Table 1. Bond Length Cut-Offs Defined for Fingerprinting Purposes bond

maximum bond length (Å)

bond

maximum bond length (Å)

C−C C−H C−O C−F O−H Sn−C Sn−O Sn−F Sn−Cl C−N N−H N−O C−S Ti−O Ti−C Zn−O

1.7 1.3 1.6 1.6 1.4 2.3 2.6 3.0 3.0 2.0 1.4 2.0 2.0 2.5 2.2 2.5

Zn−C Cd−O Cd−C Al−O Al−C Mg−O Mg−C Ca−O Ca−C Hf−O Hf−C Pb−O Pb−C Zr−O Zr−C Al−Cl

2.2 2.5 2.2 2.5 2.2 2.5 2.2 2.5 2.2 2.5 2.2 3.0 2.2 3.0 2.2 2.5

In refs 55 and 56, we described a hierarchy of fingerprints, going from singles to doubles to triples: these refer to the complexity and dimensionality of the fingerprint. Here, three kinds of fingerprints were considered again with increasing amounts of information and increasing complexity: 1. When only the count of each atom type (C4, O2, Sn4, etc.) is considered, the fingerprint is called “singles”. The fingerprint dimensionality is equal to the distinct types of atoms, m, present across the data set (m = 54 for the present data set). 2. When the count of each pair of atom types (C4−C3, Sn6−O3, Zn4−O2, etc.) is considered, it is called “doubles”. Fingerprint dimensionality would typically be m2, but it is ∼150 here once the components that are zero throughout (that is, the pairs that do not exist in any of the materials) are eliminated. Note here that the chemical bonds are being taken into account along with the atoms. C

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Figure 3. Fingerprinting technique, showing examples of various types of singles, doubles, and triples components found in our polymer data set.

Figure 4. Electronic, ionic, and total dielectric constants plotted against the band gaps for the entire data set, divided into Organics-1 (only C and H atoms), Organics-2 (C, H, O, N, and F atoms), Organics-3 (C, H, O, N, and S atoms), and various Organo-M subdata sets, depending on the identity of the metal M present in the polymer. Organo-Sn, Zn, and Cd are plotted with different colors because there are more than 100 systems for each, while Organo-Ti, Ca, Al, Mg, Zr, Hf, and Pb are all plotted with the same color.

ϵtotal with nearly negligible ϵionic owing to the closeness of electronegativities of C and H, Organics-2 (C, H, O, N, and F atoms) show higher ϵionic values due to the presence of dipoles formed by highly electronegative atoms like O, N, and F bonding with C and H. Organics-3 (S atoms included) show the highest ϵelec values among the organics because of the higher relative atomic polarizability of S as listed in Table 2, which also leads to their lower Egap, especially when the concentration of S atoms is higher. Further, Table 2 shows that all the metal atoms are much more polarizable compared to the organic atoms, potentially leading to a high ϵelec which is then brought down by the presence of C and H atoms throughout the organometallics. The electropositive nature of the metal atoms and the high electronegativities of O and F lead to the presence of large dipoles in the organometallics. Aside from being polar, these bonds also display stretching and wagging vibrational modes that are soft in nature, leading to higher IR intensities at low frequencies85−87 and, thus, the highest ϵionic values. The organometallics contain no clear demarcations between the different subsets, with high ϵionic as well as generally large Egap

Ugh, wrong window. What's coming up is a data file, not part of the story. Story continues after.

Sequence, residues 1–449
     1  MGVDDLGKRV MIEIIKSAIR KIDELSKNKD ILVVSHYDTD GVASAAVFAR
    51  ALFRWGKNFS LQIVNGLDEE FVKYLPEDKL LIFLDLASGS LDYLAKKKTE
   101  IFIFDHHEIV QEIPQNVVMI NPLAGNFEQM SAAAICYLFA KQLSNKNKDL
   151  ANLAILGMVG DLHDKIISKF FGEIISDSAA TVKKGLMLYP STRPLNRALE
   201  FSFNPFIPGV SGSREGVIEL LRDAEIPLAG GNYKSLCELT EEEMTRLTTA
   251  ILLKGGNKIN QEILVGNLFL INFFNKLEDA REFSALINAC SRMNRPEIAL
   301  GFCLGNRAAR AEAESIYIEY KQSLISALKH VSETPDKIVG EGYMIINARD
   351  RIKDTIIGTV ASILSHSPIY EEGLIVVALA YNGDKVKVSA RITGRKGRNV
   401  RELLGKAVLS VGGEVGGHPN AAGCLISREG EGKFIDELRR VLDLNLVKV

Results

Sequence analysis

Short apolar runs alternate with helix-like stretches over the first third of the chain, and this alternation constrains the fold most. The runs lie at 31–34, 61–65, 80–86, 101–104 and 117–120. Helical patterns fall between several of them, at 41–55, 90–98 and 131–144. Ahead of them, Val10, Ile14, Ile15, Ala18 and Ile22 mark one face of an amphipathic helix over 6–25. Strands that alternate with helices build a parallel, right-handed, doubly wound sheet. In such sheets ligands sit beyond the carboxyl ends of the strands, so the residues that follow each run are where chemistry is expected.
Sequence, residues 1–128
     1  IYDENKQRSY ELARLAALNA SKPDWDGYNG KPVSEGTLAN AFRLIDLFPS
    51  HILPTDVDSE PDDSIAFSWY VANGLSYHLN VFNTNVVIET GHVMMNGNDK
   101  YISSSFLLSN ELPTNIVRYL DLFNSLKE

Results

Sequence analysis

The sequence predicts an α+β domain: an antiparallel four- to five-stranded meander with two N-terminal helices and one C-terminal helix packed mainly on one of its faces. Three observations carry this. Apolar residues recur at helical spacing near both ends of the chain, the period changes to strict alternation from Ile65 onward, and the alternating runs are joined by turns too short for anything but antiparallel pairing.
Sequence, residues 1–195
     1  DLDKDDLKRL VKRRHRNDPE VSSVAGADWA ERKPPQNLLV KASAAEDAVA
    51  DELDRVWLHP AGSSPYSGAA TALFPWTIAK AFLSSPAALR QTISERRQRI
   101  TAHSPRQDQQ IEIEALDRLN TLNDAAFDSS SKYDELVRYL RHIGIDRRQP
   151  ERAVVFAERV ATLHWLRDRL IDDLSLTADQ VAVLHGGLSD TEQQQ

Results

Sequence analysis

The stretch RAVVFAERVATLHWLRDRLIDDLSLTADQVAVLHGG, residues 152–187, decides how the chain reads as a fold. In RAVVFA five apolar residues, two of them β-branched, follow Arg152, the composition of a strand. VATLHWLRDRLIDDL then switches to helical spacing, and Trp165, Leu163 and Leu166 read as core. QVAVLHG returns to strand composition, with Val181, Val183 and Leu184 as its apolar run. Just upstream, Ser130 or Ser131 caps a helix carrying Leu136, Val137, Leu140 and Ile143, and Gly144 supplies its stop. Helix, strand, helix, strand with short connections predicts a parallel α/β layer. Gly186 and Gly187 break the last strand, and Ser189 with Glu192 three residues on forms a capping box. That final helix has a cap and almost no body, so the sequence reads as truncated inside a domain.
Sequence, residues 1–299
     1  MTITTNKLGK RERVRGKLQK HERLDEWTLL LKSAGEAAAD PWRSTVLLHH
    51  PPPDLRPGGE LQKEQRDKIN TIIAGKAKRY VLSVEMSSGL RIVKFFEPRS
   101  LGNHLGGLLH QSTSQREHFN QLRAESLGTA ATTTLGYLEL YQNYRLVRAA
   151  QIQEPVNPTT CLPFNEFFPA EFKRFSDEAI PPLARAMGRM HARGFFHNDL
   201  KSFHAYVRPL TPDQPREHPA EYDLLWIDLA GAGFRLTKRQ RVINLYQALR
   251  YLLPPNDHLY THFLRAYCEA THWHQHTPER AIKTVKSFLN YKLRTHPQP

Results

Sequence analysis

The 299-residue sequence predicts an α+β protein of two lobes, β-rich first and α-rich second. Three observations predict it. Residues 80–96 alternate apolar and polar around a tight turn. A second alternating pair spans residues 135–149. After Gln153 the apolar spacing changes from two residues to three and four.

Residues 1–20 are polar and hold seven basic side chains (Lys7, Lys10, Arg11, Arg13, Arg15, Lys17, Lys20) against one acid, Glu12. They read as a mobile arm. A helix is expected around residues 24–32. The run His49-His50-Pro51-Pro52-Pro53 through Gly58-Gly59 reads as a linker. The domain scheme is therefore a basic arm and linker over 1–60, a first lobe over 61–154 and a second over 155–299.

shown by all. However, the actual concentration of the metal atom and the coordination environment it adopts play a crucial role here, as discussed later. The above observations provide an example of how patterns can be extracted from data simply by visual analysis; however, the problem today is that the rate of data generation far surpasses our intrinsic ability to process the data. Consequently, advanced machine learning and data mining techniques are needed. This involves converting materials to numerically representative fingerprints and developing models by mapping them to the properties. As explained in the previous section, our basis for fingerprinting is the abundance of different types of atoms along with their respective connectivity information. While factors such as atomic polarizability, dipole moment and softness of bonds are not explicitly defined in the fingerprint, they would nevertheless be taken into account while correlating fingerprint vectors with the properties. For instance, a fingerprint component that is a metal-electronegative atom pair (like Sn−Cl or Zn−O), if strongly correlated with ϵionic, would prove the same thing observed above: a larger concentration of polar bonds would lead to a higher ionic D

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Chemistry of Materials Table 2. All the Constituent Atoms Across the Entire Dataset, the Respective Subsets That Contain Them, Their Polarizabilities, and Electronegativitiesa atom

presence in data set

C H O

all organics, all organometallics all organics, all organometallics Organics-2, Organics-3, all organometallics Organics-2, Organics-3, all organometallics Organics-2, Organo-Sn Organics-3 Organo-Sn Organo-Sn Organo-Zn Organo-Cd Organo-Pb Organo-Hf Organo-Zr Organo-Mg Organo-Ca Organo-Al Organo-Ti

N F S Cl Sn Zn Cd Pb Hf Zr Mg Ca Al Ti a

polarizability (C m2/V)

electronegativity (Pauling)

11.0 4.5 6.04

2.55 2.1 3.44

7.43

3.04

3.76 19.6 14.7 52 39.2 46.3 46 109 121 71.7 160 56.3 99

3.98 2.58 3.16 1.96 1.65 1.69 2.33 1.3 1.33 1.31 1.0 1.61 1.54

Values for the latter two are taken from refs 80 and 81, respectively.